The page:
Millennials in Vancouver really can't catch a housing break compared to the rest of Canadians.
A new report from Vancity credit union hits that truth home.
Condo buildings in Vancouver's West End neighbourhood. (Photo: Bayne Staley/CP)
The benchmark price of a single-family home in Greater Vancouver was $1,403,200 last month, a 30.1 per cent increase from last year.
That alone is going to take a big wad of cash out of your wallet — but Vancity looked at how much money Vancouver millennials have left over after paying for housing, and other necessities.
And, well, just look at how they compare to other cities:
Vancouver couples between the ages of 25 and 34 would have zero disposable income left over for savings, entertainment, or even charitable contributions if they bought an average-priced home this year.
In fact, if they did buy a house, it would put them in debt to the tune of $2,745 per year.
Vancity based its report on a millennial household in Vancouver with an earning income of just over $72,291 in 2015. It also included yearly housing costs of $44,354, along with expenses such as taxes, health care, food, clothes, and public transit.
Other options available
But while the average housing price puts millennials into debt, there are alternate routes to save them some cash,
If a millennial couple purchased a condo, they'd have more money left over than people in Toronto — but still less than everybody else.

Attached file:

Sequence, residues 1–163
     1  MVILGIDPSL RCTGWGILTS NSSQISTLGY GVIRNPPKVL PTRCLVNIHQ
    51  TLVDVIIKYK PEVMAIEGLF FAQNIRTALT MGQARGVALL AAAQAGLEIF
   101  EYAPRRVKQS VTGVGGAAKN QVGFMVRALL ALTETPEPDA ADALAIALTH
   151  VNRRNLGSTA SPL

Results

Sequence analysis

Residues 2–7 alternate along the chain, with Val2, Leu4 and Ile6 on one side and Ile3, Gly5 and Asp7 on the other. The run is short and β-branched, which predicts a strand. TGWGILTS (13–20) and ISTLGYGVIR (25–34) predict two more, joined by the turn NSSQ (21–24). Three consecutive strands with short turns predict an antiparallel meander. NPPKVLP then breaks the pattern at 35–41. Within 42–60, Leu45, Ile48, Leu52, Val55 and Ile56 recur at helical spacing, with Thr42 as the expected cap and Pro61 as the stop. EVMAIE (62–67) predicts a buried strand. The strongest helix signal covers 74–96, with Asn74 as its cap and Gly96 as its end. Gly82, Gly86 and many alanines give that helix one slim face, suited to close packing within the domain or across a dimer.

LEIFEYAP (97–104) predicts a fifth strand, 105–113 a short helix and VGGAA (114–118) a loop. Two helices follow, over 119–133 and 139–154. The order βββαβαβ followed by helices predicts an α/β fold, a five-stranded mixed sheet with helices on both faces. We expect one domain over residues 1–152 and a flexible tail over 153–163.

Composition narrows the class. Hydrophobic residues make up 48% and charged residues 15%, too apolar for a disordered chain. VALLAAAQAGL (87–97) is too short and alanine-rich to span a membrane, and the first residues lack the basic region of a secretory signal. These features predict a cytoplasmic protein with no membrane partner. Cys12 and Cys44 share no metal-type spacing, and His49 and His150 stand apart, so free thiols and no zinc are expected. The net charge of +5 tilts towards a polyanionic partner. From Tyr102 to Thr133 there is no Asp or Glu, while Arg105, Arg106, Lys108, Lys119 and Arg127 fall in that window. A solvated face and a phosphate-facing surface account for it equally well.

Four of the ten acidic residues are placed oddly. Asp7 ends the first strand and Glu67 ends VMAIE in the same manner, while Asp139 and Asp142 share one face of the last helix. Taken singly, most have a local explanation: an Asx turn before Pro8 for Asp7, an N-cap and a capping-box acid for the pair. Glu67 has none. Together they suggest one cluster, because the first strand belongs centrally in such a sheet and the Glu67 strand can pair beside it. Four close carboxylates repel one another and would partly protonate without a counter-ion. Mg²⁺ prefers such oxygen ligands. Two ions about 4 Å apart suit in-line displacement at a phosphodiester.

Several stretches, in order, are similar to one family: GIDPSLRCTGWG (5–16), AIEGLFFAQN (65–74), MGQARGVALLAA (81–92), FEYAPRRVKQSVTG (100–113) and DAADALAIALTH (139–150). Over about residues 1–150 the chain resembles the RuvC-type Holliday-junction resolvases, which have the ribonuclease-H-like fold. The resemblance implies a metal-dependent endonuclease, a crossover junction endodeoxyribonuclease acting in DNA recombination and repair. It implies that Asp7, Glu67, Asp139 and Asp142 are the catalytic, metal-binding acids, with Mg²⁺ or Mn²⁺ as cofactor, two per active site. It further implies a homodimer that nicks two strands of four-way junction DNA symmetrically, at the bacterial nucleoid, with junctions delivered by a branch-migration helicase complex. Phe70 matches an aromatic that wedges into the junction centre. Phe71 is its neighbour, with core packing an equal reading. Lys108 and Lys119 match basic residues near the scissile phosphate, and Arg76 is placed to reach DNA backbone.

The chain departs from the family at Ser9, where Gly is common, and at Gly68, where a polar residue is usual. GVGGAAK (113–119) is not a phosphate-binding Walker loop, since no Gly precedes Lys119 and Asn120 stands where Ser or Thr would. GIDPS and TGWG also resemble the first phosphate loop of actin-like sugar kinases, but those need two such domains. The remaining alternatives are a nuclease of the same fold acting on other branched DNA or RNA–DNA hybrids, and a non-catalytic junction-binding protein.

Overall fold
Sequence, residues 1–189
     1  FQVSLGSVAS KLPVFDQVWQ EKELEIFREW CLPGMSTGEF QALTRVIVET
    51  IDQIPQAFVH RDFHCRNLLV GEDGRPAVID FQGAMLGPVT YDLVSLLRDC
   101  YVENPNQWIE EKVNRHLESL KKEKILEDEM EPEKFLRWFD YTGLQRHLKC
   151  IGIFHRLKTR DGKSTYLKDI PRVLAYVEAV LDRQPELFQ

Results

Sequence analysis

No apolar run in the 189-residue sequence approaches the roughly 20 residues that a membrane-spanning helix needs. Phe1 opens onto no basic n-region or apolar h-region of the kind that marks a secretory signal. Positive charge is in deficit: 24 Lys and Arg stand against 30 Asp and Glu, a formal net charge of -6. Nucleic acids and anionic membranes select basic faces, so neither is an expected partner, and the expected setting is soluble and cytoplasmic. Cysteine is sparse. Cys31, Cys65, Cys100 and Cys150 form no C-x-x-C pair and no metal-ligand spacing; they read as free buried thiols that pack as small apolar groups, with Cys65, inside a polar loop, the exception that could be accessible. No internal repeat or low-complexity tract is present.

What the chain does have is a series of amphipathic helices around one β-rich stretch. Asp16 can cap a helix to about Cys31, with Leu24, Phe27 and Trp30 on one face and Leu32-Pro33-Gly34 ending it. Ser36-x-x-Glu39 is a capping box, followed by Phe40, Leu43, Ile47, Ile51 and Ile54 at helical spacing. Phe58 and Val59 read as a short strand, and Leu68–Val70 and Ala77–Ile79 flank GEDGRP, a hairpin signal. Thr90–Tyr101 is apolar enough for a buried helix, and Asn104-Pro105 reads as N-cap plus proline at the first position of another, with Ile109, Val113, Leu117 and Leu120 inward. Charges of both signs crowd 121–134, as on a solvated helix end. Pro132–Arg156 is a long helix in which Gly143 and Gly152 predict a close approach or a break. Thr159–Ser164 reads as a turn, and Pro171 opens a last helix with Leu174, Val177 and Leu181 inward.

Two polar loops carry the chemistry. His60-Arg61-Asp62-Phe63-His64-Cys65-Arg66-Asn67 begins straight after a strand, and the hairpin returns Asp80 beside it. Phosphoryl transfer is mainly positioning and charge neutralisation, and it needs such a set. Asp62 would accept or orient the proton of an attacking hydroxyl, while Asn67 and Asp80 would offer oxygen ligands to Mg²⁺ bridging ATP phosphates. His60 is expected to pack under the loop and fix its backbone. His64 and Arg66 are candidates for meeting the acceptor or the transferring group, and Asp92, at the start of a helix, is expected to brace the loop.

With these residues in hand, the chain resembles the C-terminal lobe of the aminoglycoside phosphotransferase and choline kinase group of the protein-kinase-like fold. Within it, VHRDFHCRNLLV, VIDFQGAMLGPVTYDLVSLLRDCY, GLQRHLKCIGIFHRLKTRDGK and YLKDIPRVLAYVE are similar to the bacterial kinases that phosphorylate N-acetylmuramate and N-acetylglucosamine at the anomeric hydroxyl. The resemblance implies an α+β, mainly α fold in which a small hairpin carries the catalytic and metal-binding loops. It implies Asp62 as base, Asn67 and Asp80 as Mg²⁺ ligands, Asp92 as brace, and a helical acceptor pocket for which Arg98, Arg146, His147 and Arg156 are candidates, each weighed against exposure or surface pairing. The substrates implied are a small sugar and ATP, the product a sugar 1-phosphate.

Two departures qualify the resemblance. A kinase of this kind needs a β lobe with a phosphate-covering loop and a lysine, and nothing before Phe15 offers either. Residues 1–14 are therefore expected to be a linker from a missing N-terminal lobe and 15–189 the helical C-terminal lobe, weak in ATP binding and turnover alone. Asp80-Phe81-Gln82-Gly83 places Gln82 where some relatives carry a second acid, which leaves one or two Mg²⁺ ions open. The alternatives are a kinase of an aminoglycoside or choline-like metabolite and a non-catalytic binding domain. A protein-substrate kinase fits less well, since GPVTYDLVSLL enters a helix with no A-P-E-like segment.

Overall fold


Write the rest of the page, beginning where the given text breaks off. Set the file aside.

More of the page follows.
Younger Vancouverites could hold on to even more money if they chose to rent a one-bedroom unit outside the city — but again, they'd save less than everyone except Torontonians.
The situation looks even worse when you add child care costs.
Putting one child in full-time care leaves millennial homeowners in Vancouver with disposable income of -$17,325. Toronto and Victoria millennials also find themselves in the red.
Vancouverites do have $1,842 of income left over when they buy condos, but that's often not a feasible housing size when you're raising a family.
This is how much money couples paying for child care would have left over if they bought a townhouse:
Vancity suggested that families consider co-owning homes and sharing the financial risk of ownership to keep themselves in the black.
The credit union also urged investors to look at other ways of ensuring a good return, instead of using real estate as a "vehicle for wealth generation at the expense of affordable community dwellings."